As of 2022 the Canadian Food Inspection Agency (CFIA), has mandated new regulations to appear on the front of food packaging and labels. Now, companies are required to include an icon if the food is high in saturated fat, sodium and sugar. But what about deli meat products that contain nitrites, a known carcinogen?
While sodium nitrite is an effective preservative, it also has some drawbacks. The most serious concern is that it can form cancer-causing compounds called nitrosamines. These nitrosamines can be formed when sodium nitrite reacts with heat and certain proteins in meat.
The IARC/WHO classified processed meat as a Group 1 carcinogen, the same category as alcohol, tobacco smoking and asbestos. According to The World Cancer Research Fund International, research has shown that nitrosamines can cause cancer in the lining of your stomach and may also be linked to pancreatic, bladder, and other cancers.
A recent study published by the Canadian Cancer Society found that processed meats containing nitrites increase the risk of certain types of cancer, and that this risk increases with each 1.8 ounces consumed per day, or roughly 2-4 slices of deli meat, or 2 slices of bacon.
The article, ‘Too much’ nitrite-cured meat brings clear risk of cancer, speaks to a study by scientists from Queen’s University Belfast. They found that mice fed a diet of processed meat containing nitrites developed 75% more cancerous tumours in the duodenum than mice fed nitrite-free pork.
In the UK, the government has mandated warning labels on deli meat products containing nitrites, yet the Canadian government is taking a different approach and focusing solely on factors like fat, sugar and salt.
The Canadian Cancer Society recommends that parents limit their children’s consumption of nitrite-cured deli meats and consider healthier options like fresh poultry and fish. They also suggest reading labels carefully, as some processed meats may be labelled “nitrate free” but still contain nitrites in the form of celery powder.
The Consumer Reports article “Danger at the Deli”, published in 2019, sheds light onto the deceptive labelling of nitrites in deli meats. Often companies will label their products as “uncured” or “no added nitrites”. This is inaccurate because celery extracts are a common ingredient in “natural” deli meats. This ingredient is exactly the same as sodium nitrite in how it interacts with proteins to form nitrosamines.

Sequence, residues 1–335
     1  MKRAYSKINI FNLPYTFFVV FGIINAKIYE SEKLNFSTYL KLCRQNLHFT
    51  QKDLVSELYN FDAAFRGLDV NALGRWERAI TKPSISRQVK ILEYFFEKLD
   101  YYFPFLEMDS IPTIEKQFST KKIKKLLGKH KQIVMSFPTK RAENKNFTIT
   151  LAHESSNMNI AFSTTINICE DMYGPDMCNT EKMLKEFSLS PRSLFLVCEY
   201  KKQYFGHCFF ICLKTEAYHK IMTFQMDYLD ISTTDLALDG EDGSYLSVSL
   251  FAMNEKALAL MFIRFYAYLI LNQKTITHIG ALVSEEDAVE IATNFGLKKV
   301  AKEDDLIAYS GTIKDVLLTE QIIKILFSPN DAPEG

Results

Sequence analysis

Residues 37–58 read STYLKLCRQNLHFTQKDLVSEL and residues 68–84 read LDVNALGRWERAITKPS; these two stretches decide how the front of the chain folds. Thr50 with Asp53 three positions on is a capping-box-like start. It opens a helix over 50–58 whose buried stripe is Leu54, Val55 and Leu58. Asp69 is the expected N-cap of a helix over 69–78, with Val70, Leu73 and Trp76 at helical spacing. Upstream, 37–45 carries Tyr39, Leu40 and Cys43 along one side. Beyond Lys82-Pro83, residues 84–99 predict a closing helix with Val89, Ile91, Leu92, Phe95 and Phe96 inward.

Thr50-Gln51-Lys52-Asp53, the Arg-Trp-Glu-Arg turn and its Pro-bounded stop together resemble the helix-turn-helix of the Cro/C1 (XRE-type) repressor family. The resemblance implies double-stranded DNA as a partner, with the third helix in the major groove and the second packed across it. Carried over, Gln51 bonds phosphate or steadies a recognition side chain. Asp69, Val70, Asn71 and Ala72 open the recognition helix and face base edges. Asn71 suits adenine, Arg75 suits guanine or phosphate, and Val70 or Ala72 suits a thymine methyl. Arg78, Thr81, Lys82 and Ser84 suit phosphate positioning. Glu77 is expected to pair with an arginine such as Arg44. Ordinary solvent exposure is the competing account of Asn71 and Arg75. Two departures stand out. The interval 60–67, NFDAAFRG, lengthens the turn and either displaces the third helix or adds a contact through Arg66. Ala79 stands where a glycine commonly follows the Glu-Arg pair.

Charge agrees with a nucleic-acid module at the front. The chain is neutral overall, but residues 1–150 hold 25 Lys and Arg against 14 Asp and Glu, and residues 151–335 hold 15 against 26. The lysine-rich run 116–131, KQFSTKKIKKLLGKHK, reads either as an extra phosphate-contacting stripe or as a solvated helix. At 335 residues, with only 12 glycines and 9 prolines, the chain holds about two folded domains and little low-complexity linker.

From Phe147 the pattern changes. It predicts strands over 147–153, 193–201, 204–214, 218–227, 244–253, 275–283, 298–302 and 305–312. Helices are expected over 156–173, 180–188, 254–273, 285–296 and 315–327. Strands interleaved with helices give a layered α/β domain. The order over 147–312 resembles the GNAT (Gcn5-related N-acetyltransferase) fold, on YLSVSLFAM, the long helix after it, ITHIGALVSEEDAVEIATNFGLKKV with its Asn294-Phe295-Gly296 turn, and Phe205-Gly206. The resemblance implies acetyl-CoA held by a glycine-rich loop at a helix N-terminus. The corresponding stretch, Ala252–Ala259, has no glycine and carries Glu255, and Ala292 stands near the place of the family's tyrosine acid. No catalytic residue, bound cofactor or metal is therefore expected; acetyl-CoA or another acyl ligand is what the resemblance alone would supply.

To make matters worse, these extracts are permitted in organic bacon. Organic regulations are supposed to restrict harmful preservatives in food. Allowing celery extracts in an organic meat product can be misleading to consumers who assume the Organic stamp means the food is free of potentially harmful chemicals. Even though celery is a naturally occurring nitrite, its interaction with meat poses the same risks as chemical nitrites, when it comes to the formation of nitrosamines.
Nitrites are added to processed meats as a preservative, colour enhancer and flavour enhancer. The nitrite helps prevent the growth of harmful bacteria like Clostridium botulinum in meat products such as bacon, ham, sausages and hot dogs. Nitrites also help give cured meats their signature pinkish colour. But are they still necessary today with new technology like HPP?
High-pressure processing (HPP) is a food preservation technology that uses extreme pressure instead of chemicals to preserve food. This technology has been around since the 1990s and is now used as an alternative way to preserve meats without preservatives. HPP is also helping to reduce the risks associated with Listeria in the food industry. It is effective at eliminating food-damaging organisms and deactivating microorganisms. Although it is gaining traction in the food industry, HPP is still not as widely used as it could be, due to its relatively high cost.
So should the CFIA include nitrites in the list of prohibited substances when it comes to food safety? The CFIA has yet to make a definitive ruling but it is clear that consumers should be aware of nitrites and their potential health risks, especially in processed deli meats.
MCLEAN MEATS was the first company in Canada to create truly preservative free deli meats. We are still the only company who’s entire product line is free of sodium nitrite and celery extracts.